It’s a plastic plate, plain and boring, decorated with some white vinyl. The grinch is the base file from the Grinch in the MTC gallery. I think if I had some red vinyl, I would have gone ahead and cut the hat piece. But I don’t have any. Imagination is a good thing.

Let me digress a minute. Have you been to the MTC gallery? I think I’ve had the software about 3 years now and I may have opened it when I first got it, but then kind of forgot about it. For all the free stuff you get there, the software pays for itself about ten times over. If you aren’t using MTC, I highly encourage you to give it a roll. I don’t even use KNK Studio anymore. One of these days I need to convert all my files over. I’m hoping Andy will eventually add an import function because it would be easier than opening the file in Studio and then copy and pasting it. I’m LAZY people! I want things EASY!


I liked the first picture because I had the cute little decoration behind it, but this one shows the true color of the plate a little better. But wait. There’s more.

(said in my best Infomercial voice)


I also bought a couple red plates and made this one. Again, pulled the image out of the MTC gallery.



Here they are, posing together. Dollar Tree had other colored plates like pink and blue so I was thinking Spring or new baby or anything your heart desires.

But wait. There’s STILL more.

I work with the most awesome team of ladies ever. I wanted to do a little something for them and came up with these:





Also scored these at the 99 cent store. I love that place!!!

Close up of the front:


And I personalized the back for each teacher:



I’m showing you Mrs. E’s cup to protect the names of the innocent because we call her that instead of her full last name. The rest of them have their full last names.

I tied a ribbon on top and added a little tag (I used a reindeer die in my Fiskars Fuse because it has that cool embossing folder with it):

20131216-IMG_1919 20131216-IMG_1921


Materials Used:

KNK Maxx 24″

MTC (it’s on sale!!!) (Slight joke. It’s been on sale since I bought it a few years ago. But it’s worth it at the regular price too)

White vinyl

red blade


V – 150 (slowed it down for the thin text, but I’m sure I could bump it up)

f – 30


Cut vinyl. Stick it on stuff. Hope that it’s on there straight.

Have a happy whatever you celebrate! See you next year.

Stay Classy, KNKers! (Certain movie lovers will get it)





Wrap it up! with AccuPro Wrap Vinyl!

I recently had the opportunity to attend the 2013 SEMA trade show in Las Vegas (SEMA = Specialty Equipment Manufacturers Association). I had two specific jobs at the week-long show – 1) find new technologies that my ‘day job’ might be able to use and 2) chaperon students from my ‘second job’. These are college juniors and seniors so they really needed very little of my time.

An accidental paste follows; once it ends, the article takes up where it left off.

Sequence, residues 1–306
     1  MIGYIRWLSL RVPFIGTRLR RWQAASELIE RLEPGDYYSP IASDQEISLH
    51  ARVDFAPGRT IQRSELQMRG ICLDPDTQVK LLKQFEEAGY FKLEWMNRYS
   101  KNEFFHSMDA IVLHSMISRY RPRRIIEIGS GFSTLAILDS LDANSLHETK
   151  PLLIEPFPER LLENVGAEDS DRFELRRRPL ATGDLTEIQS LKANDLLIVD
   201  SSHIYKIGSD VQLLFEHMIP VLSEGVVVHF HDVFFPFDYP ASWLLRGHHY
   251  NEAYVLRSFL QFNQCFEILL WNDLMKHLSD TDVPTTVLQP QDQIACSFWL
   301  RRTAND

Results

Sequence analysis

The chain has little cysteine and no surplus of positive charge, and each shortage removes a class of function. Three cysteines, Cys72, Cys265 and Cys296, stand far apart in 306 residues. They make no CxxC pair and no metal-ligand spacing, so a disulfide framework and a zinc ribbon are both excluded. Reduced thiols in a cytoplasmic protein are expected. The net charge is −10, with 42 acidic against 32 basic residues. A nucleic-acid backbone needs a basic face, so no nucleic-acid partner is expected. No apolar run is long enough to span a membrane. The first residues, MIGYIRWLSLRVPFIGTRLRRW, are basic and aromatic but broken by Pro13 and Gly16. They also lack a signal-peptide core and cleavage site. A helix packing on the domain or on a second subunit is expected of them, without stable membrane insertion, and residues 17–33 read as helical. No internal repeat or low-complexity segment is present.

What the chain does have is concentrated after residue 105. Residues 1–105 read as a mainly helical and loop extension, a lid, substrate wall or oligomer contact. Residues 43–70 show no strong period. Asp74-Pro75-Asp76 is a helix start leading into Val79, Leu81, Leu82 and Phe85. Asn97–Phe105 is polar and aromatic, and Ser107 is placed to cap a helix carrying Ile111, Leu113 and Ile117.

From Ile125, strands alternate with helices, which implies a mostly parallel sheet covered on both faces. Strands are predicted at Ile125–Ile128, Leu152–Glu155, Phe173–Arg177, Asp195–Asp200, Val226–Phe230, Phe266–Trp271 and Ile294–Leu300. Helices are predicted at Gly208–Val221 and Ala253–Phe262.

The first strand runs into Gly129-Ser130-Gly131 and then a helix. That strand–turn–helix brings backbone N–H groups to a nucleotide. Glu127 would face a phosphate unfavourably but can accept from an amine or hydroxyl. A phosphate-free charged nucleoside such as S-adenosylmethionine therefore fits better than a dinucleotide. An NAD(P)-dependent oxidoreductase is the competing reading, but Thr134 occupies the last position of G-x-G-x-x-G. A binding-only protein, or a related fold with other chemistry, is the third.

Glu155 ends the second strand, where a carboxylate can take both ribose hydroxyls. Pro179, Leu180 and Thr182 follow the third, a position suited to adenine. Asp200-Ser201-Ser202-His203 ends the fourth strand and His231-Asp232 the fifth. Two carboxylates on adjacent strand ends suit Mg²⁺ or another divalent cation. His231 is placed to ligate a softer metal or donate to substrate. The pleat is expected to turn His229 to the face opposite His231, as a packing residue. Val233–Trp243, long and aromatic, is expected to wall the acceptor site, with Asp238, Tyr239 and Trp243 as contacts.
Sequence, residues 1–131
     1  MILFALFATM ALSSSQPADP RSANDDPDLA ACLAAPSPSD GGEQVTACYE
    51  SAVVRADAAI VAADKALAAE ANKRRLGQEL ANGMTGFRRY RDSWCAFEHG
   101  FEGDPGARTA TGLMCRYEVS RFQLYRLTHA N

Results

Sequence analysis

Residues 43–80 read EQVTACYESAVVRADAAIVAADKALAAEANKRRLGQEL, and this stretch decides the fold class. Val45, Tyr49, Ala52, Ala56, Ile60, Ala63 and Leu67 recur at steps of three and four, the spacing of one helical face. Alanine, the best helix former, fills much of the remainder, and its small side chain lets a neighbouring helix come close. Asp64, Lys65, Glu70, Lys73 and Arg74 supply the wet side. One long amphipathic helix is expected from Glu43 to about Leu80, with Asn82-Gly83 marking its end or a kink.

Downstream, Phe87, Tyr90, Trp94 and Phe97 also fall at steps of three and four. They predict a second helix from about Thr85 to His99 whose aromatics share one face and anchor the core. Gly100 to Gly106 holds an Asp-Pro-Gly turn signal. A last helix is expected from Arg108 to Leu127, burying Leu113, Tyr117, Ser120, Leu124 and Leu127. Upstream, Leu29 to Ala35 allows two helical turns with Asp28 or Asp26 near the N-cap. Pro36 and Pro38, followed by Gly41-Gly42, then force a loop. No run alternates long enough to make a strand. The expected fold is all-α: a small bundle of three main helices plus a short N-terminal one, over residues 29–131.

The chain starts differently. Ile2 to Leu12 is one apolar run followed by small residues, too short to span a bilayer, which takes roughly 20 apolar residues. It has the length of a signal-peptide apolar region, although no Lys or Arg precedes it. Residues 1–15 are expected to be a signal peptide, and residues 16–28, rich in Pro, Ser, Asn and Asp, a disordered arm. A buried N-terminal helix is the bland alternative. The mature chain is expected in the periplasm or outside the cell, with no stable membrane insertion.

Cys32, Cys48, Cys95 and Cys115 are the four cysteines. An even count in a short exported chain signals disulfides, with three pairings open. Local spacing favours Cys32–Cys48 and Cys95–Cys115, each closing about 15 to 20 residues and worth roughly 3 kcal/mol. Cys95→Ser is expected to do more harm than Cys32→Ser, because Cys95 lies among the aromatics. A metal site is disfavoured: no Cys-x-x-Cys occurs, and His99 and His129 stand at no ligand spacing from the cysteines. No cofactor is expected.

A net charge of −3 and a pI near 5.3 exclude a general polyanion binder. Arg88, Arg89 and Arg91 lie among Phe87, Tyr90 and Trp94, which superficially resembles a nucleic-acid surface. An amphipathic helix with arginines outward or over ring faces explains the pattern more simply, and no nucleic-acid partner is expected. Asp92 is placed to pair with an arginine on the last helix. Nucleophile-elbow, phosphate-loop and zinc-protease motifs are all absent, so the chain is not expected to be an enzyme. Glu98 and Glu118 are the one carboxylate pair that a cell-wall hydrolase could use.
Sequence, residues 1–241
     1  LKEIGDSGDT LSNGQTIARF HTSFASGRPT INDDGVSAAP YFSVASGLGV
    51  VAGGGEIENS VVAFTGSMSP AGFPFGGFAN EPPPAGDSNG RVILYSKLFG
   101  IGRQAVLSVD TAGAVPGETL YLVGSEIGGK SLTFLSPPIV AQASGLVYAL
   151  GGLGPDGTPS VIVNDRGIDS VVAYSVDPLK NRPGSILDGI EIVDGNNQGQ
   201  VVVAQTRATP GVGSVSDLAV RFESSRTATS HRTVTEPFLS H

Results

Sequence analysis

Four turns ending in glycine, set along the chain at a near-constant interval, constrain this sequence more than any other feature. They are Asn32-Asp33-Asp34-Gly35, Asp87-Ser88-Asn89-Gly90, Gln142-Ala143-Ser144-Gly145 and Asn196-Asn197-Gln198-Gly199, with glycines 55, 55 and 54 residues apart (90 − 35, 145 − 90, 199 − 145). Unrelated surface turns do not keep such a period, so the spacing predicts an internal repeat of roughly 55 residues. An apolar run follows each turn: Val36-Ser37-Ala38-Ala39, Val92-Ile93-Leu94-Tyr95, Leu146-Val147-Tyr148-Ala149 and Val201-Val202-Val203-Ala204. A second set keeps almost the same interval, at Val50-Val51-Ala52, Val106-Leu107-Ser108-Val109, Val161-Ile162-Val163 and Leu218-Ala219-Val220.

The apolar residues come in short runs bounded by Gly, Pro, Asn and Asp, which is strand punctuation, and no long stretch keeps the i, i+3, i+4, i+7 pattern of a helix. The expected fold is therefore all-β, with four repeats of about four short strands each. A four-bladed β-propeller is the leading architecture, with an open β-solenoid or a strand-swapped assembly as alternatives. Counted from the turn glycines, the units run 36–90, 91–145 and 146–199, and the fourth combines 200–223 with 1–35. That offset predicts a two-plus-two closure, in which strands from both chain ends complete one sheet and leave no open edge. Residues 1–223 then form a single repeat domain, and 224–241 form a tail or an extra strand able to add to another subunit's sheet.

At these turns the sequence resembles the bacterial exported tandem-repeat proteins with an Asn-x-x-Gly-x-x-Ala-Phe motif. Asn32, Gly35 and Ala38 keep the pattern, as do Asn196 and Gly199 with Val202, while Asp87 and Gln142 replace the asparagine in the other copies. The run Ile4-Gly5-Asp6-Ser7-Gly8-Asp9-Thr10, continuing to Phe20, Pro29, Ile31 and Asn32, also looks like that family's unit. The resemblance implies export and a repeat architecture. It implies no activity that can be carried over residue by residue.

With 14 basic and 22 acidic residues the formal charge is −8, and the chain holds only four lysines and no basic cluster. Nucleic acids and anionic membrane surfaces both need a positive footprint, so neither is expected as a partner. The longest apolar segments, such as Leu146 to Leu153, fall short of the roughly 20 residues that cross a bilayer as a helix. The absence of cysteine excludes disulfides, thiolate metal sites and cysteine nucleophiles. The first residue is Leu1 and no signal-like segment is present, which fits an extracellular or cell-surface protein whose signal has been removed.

While there, I found a third purpose for my visit and it got me thinking. This is all around vinyl of course (hence the title) – there were at least a hundred vendors and probably an acre or two of automotive vinyl application booths/displays!!!! There were even sponsored competitions for vehicle wraps that resulted in some amazing finished products. Wow, I saw some really cool stuff. There is so much we can do if we are only brave enough!!! LOL!

[Toes tapping on the ground, “Okay, Michele, what’s your point?”] So, back to my inspired ‘thinking’….I bought some of the AccuPro Wrap Vinyl from KNK USA a couple of months ago. Well….between living in the RV, then commuting back and forth 500 miles one-way every week since Nov 1st, I simply haven’t found the time to play with it. However, I spent two and a half days last weekend getting my craft room set up in the new house and I am READY to make Christmas presents – whoo hoo! Put the two together, and I have ‘wrapped’ gifts to make!  I will post my wrap vinyl projects on Wednesday, so please check back.

AccuPro Wrap Vinyl

Wrap vinyl is a highly flexible PVC vinyl film that stretches to conform to the underlying shape similar to the Gemstone Metallic Vinyl I wrote about last month, but where Gemstone is more multipurpose, AccuPro Wrap Vinyl is specifically designed for wrap applications. Wrap vinyl can have a smooth surface with a matte or glossy finish, and be colored or metallic (chrome). It can also be textured to look like grain leather, carbon fiber, crocodile/alligator skin, or snake skin. The real beauty of this product is that it does not lose its texture when heated and stretched across varying surface shapes.


Technical Features:

  • Thickness: 180-260 microns (depending on the surface texture)
  • Adhesive: clear
  • Stretchable to approximately 130%
  • Easy air bubble removal
  • 5-6 year indoor and 4 year outdoor durability
  • Removable with no residual adhesive
  • Ultraviolet barrier
  • Weatherproof
  • Waterproof
  • Resistant to solvents
  • Installation temperatures: 60-80°F
  • Usage temperatures: -5 to 200°F

Cutting recommendations:

  • Standard (red cap) blade
  • Pressure and Speed: start with typical vinyl settings and test cut, test cut, test cut to find the perfect settings (more to come on Wednesday)